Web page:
Moving evidence into action: Reflections from research leaders in the Global South
As the world strives to achieve the Sustainable Development Goals by 2030 and navigates the COVID-19 pandemic, there has never been more urgency to share research-generated evidence — and ensure solutions move into action. As a research funder, IDRC’s response has been to enhance our focus on knowledge sharing so the evidence generated by our research partners goes further and accomplishes more. Our vision is for IDRC-supported research to influence development agendas and inform solutions to key challenges at local, regional and global levels.
In November 2021, IDRC hosted a webinar, Peer Learning on Knowledge Sharing, inviting some of our research partners to share their experiences and facilitate mutual learning about different knowledge-sharing strategies. The conversation pointed to some effective ways to translate evidence into policy, social and behavioural change, including leveraging digital technologies and engaging stakeholders. The discussion also highlighted the need to address systemic barriers to inclusion and equality.
Improving access to evidence: Leveraging digital technologies
The COVID-19 pandemic has impacted research processes and knowledge-translation activities in many ways. The crisis has limited travel and traditional networking and information-exchange opportunities. People could no longer attend in-person meetings, so they pivoted with their organizations towards alternative solutions to engage in knowledge sharing at the local, sub-national, national and global levels. Digital platforms like WhatsApp and Zoom for meetings and online learning have been critical to keeping researchers and policy actors connected.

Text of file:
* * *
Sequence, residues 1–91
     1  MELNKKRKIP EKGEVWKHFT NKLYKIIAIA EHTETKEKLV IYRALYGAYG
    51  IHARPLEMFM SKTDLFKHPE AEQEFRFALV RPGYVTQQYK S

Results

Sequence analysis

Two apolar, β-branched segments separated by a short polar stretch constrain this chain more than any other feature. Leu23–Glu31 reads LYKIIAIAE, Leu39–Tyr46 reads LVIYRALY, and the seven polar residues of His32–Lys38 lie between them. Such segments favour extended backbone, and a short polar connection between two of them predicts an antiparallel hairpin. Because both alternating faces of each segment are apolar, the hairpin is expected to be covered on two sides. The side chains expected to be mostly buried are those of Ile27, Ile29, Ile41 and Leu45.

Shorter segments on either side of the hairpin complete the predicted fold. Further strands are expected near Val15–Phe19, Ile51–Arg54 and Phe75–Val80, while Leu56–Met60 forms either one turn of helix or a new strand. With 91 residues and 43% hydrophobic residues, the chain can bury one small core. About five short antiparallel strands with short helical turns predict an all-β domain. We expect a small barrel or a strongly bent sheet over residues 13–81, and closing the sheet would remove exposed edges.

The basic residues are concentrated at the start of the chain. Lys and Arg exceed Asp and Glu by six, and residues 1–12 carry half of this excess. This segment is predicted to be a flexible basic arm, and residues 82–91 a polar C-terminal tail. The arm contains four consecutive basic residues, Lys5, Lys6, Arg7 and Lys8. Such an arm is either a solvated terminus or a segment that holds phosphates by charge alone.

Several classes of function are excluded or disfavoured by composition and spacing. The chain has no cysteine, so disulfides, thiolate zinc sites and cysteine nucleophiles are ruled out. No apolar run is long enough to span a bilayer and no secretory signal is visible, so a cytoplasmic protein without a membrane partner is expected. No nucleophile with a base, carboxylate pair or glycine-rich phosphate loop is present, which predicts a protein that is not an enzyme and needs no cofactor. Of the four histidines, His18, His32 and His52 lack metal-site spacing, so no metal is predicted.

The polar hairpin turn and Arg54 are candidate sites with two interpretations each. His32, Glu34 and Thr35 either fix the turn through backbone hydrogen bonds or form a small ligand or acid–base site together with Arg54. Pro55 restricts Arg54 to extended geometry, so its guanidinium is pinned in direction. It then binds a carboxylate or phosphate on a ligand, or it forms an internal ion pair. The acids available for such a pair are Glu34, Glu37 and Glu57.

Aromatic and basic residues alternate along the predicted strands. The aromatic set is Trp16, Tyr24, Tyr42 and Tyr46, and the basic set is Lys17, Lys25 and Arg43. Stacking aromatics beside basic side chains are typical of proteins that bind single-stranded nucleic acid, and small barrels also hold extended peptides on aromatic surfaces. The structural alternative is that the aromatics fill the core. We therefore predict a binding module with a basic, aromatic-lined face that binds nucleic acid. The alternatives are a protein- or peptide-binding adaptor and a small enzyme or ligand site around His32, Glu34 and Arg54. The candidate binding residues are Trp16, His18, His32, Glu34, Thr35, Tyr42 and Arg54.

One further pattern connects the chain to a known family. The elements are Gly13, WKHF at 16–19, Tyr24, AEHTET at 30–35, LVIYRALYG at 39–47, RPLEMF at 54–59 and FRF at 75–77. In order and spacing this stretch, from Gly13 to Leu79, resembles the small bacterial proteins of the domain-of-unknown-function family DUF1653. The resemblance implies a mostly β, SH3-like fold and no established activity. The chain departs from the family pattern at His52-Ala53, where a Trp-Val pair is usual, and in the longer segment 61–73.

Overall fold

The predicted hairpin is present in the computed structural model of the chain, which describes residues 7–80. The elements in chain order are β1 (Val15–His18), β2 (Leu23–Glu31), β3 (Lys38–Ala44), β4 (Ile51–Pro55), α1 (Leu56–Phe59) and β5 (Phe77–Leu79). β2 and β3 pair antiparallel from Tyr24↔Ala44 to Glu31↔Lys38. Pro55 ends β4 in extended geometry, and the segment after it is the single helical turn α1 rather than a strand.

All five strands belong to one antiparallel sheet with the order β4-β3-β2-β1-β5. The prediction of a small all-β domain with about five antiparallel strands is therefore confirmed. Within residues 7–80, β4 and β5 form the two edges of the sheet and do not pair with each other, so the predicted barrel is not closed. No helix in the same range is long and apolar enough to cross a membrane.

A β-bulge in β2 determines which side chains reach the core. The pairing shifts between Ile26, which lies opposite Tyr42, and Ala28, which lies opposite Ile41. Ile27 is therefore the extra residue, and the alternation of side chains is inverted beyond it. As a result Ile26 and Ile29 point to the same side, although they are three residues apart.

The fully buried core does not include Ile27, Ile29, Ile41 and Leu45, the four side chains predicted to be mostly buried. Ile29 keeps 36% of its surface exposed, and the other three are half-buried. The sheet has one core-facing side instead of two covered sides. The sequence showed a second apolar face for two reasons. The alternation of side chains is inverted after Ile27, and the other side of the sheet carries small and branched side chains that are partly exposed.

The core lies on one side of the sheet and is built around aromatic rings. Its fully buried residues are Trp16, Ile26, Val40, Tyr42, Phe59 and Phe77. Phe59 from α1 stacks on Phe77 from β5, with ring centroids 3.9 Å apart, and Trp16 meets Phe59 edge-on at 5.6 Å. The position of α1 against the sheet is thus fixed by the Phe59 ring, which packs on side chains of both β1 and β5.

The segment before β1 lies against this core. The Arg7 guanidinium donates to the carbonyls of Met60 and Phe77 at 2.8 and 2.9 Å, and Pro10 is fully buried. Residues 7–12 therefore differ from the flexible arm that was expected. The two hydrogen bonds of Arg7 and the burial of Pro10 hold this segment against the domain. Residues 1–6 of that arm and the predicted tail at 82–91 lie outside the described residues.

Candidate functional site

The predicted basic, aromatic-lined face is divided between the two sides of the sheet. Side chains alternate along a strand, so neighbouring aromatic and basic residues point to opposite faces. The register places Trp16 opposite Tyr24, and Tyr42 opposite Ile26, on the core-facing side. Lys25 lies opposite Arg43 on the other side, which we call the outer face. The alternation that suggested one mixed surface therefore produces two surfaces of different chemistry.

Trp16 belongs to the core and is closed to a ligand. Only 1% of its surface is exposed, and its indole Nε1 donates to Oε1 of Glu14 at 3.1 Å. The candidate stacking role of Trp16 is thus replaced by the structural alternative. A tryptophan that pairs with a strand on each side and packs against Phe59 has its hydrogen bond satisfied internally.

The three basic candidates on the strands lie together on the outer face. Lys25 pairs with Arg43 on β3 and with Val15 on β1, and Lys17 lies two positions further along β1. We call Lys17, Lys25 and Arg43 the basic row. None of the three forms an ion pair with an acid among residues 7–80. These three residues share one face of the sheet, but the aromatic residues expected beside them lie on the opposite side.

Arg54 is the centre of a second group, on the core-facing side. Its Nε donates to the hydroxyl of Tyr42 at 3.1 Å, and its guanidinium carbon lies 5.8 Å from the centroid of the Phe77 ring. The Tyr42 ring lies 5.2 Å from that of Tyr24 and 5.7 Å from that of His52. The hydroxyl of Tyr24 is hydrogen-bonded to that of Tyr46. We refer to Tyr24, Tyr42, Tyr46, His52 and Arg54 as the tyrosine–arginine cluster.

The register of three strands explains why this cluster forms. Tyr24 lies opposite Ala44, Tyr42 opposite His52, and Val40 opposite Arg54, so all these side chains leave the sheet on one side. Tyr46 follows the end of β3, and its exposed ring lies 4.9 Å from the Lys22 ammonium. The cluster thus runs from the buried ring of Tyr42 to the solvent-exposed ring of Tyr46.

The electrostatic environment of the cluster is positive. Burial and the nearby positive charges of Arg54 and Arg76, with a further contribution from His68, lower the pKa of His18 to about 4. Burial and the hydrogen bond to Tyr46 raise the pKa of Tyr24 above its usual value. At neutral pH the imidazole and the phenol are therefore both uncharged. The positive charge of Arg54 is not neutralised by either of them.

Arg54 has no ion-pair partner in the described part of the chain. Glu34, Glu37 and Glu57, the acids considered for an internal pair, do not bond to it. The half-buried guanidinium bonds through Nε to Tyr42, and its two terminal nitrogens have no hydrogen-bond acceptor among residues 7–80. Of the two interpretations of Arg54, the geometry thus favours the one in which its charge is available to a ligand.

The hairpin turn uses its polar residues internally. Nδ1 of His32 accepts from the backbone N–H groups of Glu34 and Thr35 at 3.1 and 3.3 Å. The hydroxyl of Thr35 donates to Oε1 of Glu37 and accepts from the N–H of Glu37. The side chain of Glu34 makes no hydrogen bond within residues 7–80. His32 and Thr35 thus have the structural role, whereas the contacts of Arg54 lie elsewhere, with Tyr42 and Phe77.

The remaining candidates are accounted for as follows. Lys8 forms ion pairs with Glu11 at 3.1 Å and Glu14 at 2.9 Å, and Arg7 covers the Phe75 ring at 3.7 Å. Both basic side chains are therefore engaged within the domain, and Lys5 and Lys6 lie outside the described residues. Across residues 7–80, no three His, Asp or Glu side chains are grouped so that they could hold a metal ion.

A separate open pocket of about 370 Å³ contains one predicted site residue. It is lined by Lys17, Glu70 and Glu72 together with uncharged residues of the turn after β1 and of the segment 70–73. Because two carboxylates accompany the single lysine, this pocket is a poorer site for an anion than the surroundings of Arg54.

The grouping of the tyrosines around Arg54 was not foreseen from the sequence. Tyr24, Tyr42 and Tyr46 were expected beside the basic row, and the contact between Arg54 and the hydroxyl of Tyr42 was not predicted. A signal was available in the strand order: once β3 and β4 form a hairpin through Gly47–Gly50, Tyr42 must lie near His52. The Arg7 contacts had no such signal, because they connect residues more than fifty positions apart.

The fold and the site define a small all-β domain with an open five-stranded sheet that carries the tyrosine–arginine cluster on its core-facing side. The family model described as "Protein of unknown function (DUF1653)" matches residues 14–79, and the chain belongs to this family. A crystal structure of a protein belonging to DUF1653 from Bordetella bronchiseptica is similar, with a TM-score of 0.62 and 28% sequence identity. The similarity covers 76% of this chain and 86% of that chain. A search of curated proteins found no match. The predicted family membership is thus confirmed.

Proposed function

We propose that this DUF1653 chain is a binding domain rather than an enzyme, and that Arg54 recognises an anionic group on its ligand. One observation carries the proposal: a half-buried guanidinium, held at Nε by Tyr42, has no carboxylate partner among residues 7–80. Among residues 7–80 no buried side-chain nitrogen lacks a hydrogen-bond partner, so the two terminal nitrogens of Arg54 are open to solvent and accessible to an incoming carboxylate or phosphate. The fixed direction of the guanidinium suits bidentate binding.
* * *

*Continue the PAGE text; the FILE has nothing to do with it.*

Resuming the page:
“We found that WhatsApp is a very useful platform. It’s free and not overly technical. It works in a time of flux when connectivity and electricity are uncertain,” said Maryann Joy Dreas-Shaikha, team leader and management consultant at the Knowledge and Innovation Exchange Africa 19 Hub, UNESCO International Institute for Capacity Building in Africa. In her view, digital dialogues are particularly successful when they are country-focused, co-created and maintained over time.
In a similar vein, the Climate and Development Knowledge Network (CDKN) in South Africa has advanced knowledge sharing through a digital channel it previously overlooked – Wikipedia. Often ignored as a tool for driving policy and social behavioural change, the platform is the most-used open-access source of information in the world, generating 112-million page views relating to climate change between 2019 and 2020 alone.